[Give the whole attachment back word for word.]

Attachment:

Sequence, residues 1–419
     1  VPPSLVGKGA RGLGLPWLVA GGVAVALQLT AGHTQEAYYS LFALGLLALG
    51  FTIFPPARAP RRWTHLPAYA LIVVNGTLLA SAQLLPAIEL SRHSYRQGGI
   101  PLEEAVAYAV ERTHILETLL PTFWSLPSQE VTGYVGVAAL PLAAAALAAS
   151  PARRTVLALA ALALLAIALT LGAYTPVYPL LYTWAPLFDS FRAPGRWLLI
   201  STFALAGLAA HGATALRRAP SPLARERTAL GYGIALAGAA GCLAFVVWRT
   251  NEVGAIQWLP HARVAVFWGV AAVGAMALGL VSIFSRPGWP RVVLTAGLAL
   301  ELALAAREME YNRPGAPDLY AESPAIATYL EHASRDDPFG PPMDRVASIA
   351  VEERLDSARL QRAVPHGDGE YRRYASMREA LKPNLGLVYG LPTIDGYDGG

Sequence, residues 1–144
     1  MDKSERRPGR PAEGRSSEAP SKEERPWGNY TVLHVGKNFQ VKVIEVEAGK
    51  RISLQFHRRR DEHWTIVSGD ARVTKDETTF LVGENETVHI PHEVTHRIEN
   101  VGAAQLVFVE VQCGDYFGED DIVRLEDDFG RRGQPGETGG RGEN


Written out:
Sequence, residues 1–419
     1  VPPSLVGKGA RGLGLPWLVA GGVAVALQLT AGHTQEAYYS LFALGLLALG
    51  FTIFPPARAP RRWTHLPAYA LIVVNGTLLA SAQLLPAIEL SRHSYRQGGI
   101  PLEEAVAYAV ERTHILETLL PTFWSLPSQE VTGYVGVAAL PLAAAALAAS
   151  PARRTVLALA ALALLAIALT LGAYTPVYPL LYTWAPLFDS FRAPGRWLLI
   201  STFALAGLAA HGATALRRAP SPLARERTAL GYGIALAGAA GCLAFVVWRT
   251  NEVGAIQWLP HARVAVFWGV AAVGAMALGL VSIFSRPGWP RVVLTAGLAL
   301  ELALAAREME YNRPGAPDLY AESPAIATYL EHASRDDPFG PPMDRVASIA
   351  VEERLDSARL QRAVPHGDGE YRRYASMREA LKPNLGLVYG LPTIDGYDGG

Sequence, residues 1–144
     1  MDKSERRPGR PAEGRSSEAP SKEERPWGNY TVLHVGKNFQ VKVIEVEAGK
    51  RISLQFHRRR DEHWTIVSGD ARVTKDETTF LVGENETVHI PHEVTHRIEN
   101  VGAAQLVFVE VQCGDYFGED DIVRLEDDFG RRGQPGETGG RGEN